HARBEL, Margibi – Citizens residing across Margibi have expressed frustration over the limitation of laws on the election of public officials and are calling for reform.
Speaking at two separate community media forums held in Kakata and Cotton Tree, most participants agreed that most election laws favor elected public officials and are not in the interest of the voters. The forums were funded by USAID through the implementer of the Liberia Media Development Program, Internews.
The citizens’ suggestions were tailored around provisions affecting the tenure of elected public officials and representation of minority groups, such as women and people with disabilities.
Vera Houston, a resident of Unification City who attended the community media forum in Cotton Tree, called for a reduction in the tenure of the president from six to four years.
“When this is done, presidents who do not perform well will not have to stay long in power at the detriment and suffering of the people who elected them,” Houston said.
She said a president who served well at the satisfaction of the citizens, however, can be re-elected after the first four-year term. She hopes that her recommendation will be included in a proposal for a referendum to change the current law prior to the special senatorial election next year.
Another citizen, Mark Nuah, also suggested that the call for a number of seats in the legislature to be allotted exclusively for women be critically examined.
“While it is true we welcome women’s participation in government, women should avail themselves and play key roles in political issues,” Nuah said.
Amid the advocacy by many feminist organizations for dedicated seats for women in the legislature, he said the current law does not have such provisions.
The elections law provides that political parties and coalitions submitting candidates for an election should “endeavor” to ensure that there is no less than 30 percent of candidates from each gender. That vague language has made the law difficult to enforce, and no political party met the gender requirement during the 2017 general elections.
Except for the Elections Coordination Committee or ECC, all the organizations that observed the 2017 elections recognized the need for a change in the elections law to ensure that women had better representation.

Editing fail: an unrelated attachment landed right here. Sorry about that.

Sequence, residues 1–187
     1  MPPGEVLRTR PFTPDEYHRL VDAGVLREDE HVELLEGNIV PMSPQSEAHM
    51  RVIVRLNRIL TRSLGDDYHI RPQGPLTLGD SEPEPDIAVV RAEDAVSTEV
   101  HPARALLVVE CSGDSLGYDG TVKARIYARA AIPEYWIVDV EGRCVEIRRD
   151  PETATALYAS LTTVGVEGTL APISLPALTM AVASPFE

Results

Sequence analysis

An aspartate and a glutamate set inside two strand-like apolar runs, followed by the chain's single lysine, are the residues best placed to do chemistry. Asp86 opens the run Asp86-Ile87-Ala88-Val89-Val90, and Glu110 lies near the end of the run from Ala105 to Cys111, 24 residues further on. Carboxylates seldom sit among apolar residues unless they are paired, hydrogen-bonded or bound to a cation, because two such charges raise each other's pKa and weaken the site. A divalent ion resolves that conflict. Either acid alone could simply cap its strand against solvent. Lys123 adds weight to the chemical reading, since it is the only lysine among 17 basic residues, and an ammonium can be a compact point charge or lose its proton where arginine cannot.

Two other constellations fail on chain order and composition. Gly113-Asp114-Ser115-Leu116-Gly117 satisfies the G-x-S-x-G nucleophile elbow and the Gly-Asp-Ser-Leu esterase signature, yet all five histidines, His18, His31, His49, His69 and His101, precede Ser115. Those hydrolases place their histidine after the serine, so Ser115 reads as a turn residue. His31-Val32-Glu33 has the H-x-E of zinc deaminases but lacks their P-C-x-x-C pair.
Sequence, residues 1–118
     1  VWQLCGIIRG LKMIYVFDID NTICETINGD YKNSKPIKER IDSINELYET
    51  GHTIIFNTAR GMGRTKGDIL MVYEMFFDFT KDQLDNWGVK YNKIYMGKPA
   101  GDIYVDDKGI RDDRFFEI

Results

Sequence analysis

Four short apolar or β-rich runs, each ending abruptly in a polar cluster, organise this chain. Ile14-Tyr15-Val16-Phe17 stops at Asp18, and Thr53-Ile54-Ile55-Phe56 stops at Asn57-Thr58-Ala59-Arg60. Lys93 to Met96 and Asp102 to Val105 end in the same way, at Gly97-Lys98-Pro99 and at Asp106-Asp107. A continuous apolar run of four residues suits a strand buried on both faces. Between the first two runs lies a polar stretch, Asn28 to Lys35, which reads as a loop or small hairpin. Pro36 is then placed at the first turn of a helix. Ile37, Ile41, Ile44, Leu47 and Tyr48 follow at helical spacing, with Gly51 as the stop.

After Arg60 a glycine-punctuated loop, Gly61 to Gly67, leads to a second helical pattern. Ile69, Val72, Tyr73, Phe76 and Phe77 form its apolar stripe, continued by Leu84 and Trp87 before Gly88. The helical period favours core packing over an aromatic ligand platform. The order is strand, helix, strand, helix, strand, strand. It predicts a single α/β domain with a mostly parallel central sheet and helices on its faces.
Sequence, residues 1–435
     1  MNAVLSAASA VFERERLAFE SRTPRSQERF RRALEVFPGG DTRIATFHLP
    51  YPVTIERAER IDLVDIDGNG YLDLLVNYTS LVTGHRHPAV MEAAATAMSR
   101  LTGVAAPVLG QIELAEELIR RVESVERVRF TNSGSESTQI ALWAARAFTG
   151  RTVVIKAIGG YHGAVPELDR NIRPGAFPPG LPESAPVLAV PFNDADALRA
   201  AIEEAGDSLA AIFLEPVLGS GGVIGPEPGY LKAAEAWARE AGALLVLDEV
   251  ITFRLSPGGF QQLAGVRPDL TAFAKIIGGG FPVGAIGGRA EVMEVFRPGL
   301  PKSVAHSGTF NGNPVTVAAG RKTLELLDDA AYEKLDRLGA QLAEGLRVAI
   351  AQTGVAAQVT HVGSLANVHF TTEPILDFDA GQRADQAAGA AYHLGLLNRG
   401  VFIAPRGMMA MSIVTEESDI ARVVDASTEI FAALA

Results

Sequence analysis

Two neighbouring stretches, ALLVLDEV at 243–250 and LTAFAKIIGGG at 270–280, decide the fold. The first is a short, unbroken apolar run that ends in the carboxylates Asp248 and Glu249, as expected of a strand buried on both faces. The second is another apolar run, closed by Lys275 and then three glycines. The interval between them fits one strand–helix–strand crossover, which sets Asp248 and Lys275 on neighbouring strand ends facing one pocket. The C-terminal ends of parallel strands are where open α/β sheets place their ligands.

The observers called on the legislature to strengthen the language of the elections law to ensure that there was more representation for women.
However, Nuah said the lack of women candidates is also denting their chances of making much impact in government.
“Women always sit on the back seat. Now is the time they prepare themselves and take up the challenge,” he added.
Gondor Musa, the head of a civil society group, agreed that while it was unnecessary to dedicate legislative seats exclusively for women, women must muster the courage to participate in public elections along with their male counterparts.
Also participating during the forums as a panelist was the assistant elections magistrate for Margibi, Foulton Yancy, who said holding elections on the current date provided in the constitution can be a challenge for the National Elections Commission due to flooding and inaccessibility caused by a downpour of rains.
“In the most recent elections in Margibi County, some voters were compelled to vote the next day due to continuous rain. This alone stressed the commission a lot,” Yancy said.
For his part, the coordinator of the disabled community in Margibi, Augustine Gbennie recommended that there be a law to have a number of seats reserved in the legislature for people living with disabilities.
“People with disabilities should represent their own people,” Gbennie said. “Most of the people in elected positions do not feel the pain and discrimination we undergo daily. A voice of our own is seriously needed at the legislature.”
This article was produced with funding from Internews for the Citizens in Liberia Engaged to Advance Electoral Reform (CLEAR) project.
Featured photo by Jefferson Daryoue